Advances in the chemistry of metal-organic frameworks

Nathaniel L. Rosi, Mohamed Eddaoudi, Jaheon Kim, Michael O'Keeffe, Omar M. Yaghi*

*Corresponding author for this work

Research output: Contribution to journalArticlepeer-review

287 Scopus citations


An extensive body of research results currently exists from the synthesis of metal-organic frameworks (MOFs), an area that has attracted widespread attention due to the facility with which well-defined molecular building blocks can be assembled into periodic frameworks and the promise that such a process holds for the logical design of materials. The synthesis of MOFs generally involves the copolymerization of organic links and metal ions in a polar solvent under mild temperatures (up to 200 °C) and autogenous pressures (up to 100 atm). Since most products can be considered kinetically driven and lie on local thermodynamic minima, factors such as solubility of the organic link and metal salt, solvent polarity, ionic strength of the medium, temperature and pressure play critical roles in determining the character of products. Indeed, slight perturbations in synthetic parameters have been the basis for the preparation of what seems to be a flood of new MOF compounds. In the spirit of this discussion we advance the following ideas and developments that we believe contribute to the maturity of the field: (I) a conceptual framework that unifies the processes involved in the designed synthesis of MOFs, and which can be extended to other materials with extended structures; (II) a thesis concerning the possible structures that may form from building blocks with various shapes; (III) important considerations for achieving the design and synthesis of frameworks in which it is possible to change chemical functionality and metrics without changing the underlying framework topology; (IV) the inevitability of porosity for designed structures and some factors affecting framework stability; (V) insights on catenation: interpenetration versus interweaving, forbidden catenation, and duals. These points will be presented to an extent that will stimulate discussion - it is not an attempt to be comprehensive or to give a thorough treatment of this rich field.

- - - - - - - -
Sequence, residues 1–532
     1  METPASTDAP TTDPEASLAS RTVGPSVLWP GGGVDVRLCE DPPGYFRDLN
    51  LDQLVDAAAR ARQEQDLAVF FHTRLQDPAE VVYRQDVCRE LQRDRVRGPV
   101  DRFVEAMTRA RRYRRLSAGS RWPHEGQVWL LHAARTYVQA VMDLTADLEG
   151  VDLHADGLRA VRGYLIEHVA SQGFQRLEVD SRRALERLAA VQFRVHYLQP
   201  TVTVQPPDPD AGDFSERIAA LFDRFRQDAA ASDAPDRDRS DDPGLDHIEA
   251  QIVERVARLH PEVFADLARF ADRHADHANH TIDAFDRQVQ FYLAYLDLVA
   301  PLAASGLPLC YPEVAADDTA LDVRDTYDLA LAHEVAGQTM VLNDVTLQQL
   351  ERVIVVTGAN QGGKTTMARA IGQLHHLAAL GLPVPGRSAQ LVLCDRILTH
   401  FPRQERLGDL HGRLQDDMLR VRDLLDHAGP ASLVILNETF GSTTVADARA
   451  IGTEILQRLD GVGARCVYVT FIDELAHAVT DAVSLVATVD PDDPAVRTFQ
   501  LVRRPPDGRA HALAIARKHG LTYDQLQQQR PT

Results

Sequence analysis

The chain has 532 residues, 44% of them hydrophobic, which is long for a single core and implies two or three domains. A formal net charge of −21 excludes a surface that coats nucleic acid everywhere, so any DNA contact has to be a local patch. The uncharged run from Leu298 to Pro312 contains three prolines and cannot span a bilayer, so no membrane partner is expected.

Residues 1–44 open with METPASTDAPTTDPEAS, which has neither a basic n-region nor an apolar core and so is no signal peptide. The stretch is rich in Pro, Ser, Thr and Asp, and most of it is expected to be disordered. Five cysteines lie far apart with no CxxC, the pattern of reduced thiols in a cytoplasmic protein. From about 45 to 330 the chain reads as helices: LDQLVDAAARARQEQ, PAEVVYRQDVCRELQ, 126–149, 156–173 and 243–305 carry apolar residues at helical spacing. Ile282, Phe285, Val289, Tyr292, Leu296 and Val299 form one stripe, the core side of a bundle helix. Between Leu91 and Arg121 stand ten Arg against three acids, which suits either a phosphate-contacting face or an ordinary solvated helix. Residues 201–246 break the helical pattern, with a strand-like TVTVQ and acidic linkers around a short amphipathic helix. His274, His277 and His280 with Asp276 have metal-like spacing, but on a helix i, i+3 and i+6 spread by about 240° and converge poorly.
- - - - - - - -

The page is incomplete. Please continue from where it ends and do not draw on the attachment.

Original languageEnglish (US)
Pages (from-to)401-404
Number of pages4
Issue number68
StatePublished - 2002
Externally publishedYes

ASJC Scopus subject areas

  • Chemistry(all)
  • Materials Science(all)
  • Condensed Matter Physics


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